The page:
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Insulin Resistance & Estrogen

| By Krithika Subramanian, Ph.D.
Insulin Resistance & Estrogen
Estradiol, the predominant form of estrogen in females, is produced in the ovaries. Photo Credit estradiole - estrogen image by Cornelia Pithart from Fotolia.com

Insulin resistance is a condition in which the insulin produced by the pancreas becomes less effective at lowering blood sugar levels. It is a defining feature of metabolic syndrome, along with obesity, hypertension and dyslipidemia -- high cholesterol -- fat-like substance and triglycerides -- fat stored in the body. Insulin resistance is also a key factor in the development of type 2 diabetes and a risk factor for heart disease. The female hormone estrogen may play a role in protecting against insulin resistance and diabetes. Scientific studies are investigating the estrogen-mediated regulation of glucose levels.

Insulin Resistance Basics

Insulin is a hormone produced by beta-cells, a specialized kind of cell in the pancreas. Insulin released from the beta-cells helps other cells in the body take up and utilize blood glucose, which is produced by the breakdown of food by digestion. In insulin resistance, muscle, liver and fat cells fail to respond to the insulin secreted by the beta-cells. The body needs higher amounts of insulin in order to take up and use glucose. Persistent insulin resistance, marked by high levels of glucose and insulin in the blood, eventually leads to diabetes.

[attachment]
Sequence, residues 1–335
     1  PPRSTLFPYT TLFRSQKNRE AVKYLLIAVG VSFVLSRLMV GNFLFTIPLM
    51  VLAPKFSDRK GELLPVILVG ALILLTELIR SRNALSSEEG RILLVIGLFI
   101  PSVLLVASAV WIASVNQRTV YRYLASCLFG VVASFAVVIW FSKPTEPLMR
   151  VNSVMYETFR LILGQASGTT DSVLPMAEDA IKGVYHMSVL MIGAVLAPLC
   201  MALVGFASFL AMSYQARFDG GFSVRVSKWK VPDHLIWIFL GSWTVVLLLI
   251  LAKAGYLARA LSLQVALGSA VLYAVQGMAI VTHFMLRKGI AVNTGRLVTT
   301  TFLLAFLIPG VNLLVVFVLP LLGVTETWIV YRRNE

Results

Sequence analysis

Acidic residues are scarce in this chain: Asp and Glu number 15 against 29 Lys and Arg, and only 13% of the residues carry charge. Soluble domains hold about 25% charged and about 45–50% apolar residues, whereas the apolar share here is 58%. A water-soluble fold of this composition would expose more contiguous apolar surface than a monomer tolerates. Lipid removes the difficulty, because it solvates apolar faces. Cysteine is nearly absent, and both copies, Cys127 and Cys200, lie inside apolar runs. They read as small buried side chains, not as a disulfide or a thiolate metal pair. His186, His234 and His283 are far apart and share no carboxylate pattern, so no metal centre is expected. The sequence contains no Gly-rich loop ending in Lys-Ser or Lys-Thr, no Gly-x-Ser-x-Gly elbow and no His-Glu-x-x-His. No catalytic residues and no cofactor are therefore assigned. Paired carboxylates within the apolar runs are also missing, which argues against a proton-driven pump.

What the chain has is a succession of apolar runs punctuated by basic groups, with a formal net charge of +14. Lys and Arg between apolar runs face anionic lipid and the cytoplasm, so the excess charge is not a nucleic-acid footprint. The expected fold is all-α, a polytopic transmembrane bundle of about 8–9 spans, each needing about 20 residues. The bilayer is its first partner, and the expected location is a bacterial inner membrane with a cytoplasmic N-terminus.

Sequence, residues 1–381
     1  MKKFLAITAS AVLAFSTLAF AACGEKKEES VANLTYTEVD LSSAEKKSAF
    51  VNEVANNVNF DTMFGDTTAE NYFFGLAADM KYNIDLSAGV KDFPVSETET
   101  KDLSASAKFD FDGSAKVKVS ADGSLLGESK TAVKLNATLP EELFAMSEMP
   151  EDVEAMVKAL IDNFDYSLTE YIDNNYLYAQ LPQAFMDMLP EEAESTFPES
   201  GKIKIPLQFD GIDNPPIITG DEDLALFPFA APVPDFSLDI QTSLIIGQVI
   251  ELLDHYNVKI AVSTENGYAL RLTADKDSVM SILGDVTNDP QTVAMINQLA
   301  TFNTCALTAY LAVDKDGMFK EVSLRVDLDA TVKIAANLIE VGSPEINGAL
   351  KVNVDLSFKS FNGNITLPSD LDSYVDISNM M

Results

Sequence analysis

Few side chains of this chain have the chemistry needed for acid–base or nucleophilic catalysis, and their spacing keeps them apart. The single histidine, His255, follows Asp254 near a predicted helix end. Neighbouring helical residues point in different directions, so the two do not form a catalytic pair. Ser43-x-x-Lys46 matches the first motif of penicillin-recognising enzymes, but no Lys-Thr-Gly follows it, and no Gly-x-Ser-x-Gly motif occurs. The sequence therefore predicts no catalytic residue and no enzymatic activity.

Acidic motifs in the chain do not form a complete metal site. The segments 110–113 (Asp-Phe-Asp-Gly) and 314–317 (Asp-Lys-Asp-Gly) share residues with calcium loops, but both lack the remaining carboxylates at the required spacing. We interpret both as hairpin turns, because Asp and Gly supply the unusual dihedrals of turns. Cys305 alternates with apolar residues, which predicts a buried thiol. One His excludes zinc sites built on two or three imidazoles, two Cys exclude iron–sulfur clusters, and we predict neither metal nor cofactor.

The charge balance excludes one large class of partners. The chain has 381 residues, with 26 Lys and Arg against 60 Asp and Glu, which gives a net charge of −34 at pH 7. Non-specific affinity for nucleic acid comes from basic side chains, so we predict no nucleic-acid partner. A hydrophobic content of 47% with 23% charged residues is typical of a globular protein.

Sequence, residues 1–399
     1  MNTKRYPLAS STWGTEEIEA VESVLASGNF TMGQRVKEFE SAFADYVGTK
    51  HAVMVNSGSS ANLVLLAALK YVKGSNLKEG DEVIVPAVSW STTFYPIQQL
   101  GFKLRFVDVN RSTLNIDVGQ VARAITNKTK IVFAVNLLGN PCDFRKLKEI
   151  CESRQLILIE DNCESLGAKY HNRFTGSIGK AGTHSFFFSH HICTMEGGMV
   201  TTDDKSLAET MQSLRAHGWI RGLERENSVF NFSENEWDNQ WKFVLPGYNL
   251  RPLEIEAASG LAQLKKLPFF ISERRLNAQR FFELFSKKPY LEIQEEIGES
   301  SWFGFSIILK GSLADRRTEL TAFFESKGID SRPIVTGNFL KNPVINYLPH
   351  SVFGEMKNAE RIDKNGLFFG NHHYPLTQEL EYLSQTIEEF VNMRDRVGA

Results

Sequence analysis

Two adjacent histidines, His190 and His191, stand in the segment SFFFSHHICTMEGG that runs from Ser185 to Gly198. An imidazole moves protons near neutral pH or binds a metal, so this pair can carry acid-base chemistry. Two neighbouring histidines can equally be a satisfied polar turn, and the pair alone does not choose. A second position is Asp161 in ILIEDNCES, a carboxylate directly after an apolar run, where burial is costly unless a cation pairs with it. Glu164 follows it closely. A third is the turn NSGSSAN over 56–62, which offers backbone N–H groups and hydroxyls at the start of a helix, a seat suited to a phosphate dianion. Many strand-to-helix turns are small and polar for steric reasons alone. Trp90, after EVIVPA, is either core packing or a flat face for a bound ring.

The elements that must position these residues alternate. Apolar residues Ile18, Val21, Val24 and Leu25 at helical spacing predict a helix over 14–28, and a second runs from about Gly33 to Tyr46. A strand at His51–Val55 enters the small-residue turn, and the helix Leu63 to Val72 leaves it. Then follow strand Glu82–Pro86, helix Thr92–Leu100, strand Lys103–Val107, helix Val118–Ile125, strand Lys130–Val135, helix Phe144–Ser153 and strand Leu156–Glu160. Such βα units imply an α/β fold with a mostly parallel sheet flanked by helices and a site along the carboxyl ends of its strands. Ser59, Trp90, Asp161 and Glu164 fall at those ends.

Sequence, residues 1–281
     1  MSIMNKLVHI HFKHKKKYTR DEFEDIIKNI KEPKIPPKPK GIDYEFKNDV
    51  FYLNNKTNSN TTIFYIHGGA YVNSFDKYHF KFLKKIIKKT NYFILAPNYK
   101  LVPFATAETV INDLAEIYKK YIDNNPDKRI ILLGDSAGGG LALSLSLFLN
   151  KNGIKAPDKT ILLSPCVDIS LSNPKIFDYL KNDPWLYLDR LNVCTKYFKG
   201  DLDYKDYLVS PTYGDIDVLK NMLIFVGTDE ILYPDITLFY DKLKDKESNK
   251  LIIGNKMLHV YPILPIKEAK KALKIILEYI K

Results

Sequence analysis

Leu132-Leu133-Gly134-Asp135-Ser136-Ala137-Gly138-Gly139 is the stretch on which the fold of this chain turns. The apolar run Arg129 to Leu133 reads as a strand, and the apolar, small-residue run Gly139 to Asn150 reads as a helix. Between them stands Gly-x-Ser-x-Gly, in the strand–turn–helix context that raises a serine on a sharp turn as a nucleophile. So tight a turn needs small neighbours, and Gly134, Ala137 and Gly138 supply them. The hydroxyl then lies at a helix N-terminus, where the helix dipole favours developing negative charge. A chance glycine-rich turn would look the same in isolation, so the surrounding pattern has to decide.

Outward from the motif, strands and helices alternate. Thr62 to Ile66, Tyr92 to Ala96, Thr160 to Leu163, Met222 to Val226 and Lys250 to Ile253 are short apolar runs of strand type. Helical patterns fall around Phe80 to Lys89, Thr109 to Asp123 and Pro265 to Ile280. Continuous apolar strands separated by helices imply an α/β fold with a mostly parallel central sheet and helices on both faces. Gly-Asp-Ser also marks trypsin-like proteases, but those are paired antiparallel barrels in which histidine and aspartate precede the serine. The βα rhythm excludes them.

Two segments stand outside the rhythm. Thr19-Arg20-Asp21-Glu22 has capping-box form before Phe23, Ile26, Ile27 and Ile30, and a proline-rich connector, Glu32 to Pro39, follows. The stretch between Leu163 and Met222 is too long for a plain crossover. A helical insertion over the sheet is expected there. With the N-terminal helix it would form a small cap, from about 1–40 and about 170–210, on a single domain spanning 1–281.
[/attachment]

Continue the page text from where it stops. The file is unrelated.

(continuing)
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Effects of Estrogen

Estrogen is a steroid hormone produced primarily in the ovaries, and to a much lesser extent in other cells, like fat tissue. Small amounts of estrogen are also produced in men. Estrogen production from the ovaries declines around and after menopause. The decrease in insulin sensitivity with menopause suggests that estrogen generally protects against insulin resistance in women. Moreover, loss of estrogen function has been shown to cause insulin resistance and type 2 diabetes in a male patient.

Mechanism of action

Estrogen acts directly on beta-cells to make them resistant to apoptosis -- a kind of cell death-- and increase insulin production. This mechanism is thought to assist the pancreatic cells to adapt to higher insulin demands associated with some conditions, like pregnancy and obesity. However inappropriate estrogen function, due to abnormal increases in estrogen or stimulation with estrogen-mimics like bisphenol-A, can actually provoke insulin resistance by exhausting beta-cells through overstimulation.

Risk Factors and Treatment

Risk factors for developing insulin resistance include obesity -- a body mass index above 25; excess weight, especially around the waist or an “apple shape; having a parent or sibling with diabetes; physical inactivity; and in women, having polycystic ovarian syndrome or PCOS. Extensive lifestyle modification -- by increasing physical activity and maintaining a healthy weight -- is the first recommendation for patients with insulin resistance. Many drugs are used to treat insulin resistance and type 2 diabetes, if present, and other features of metabolic syndrome. However, Metformin is the only drug to be considered for preventing development of insulin resistance into diabetes.

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References

author image Krithika Subramanian, Ph.D.
Based in Atlanta, Krithika Subramanian is a medical writer specializing in science, general health and cancer-related topics. She has more than a decade of research experience, with work appearing in various scientific journals. Subramanian holds a Ph.D. in biochemistry and molecular biology.
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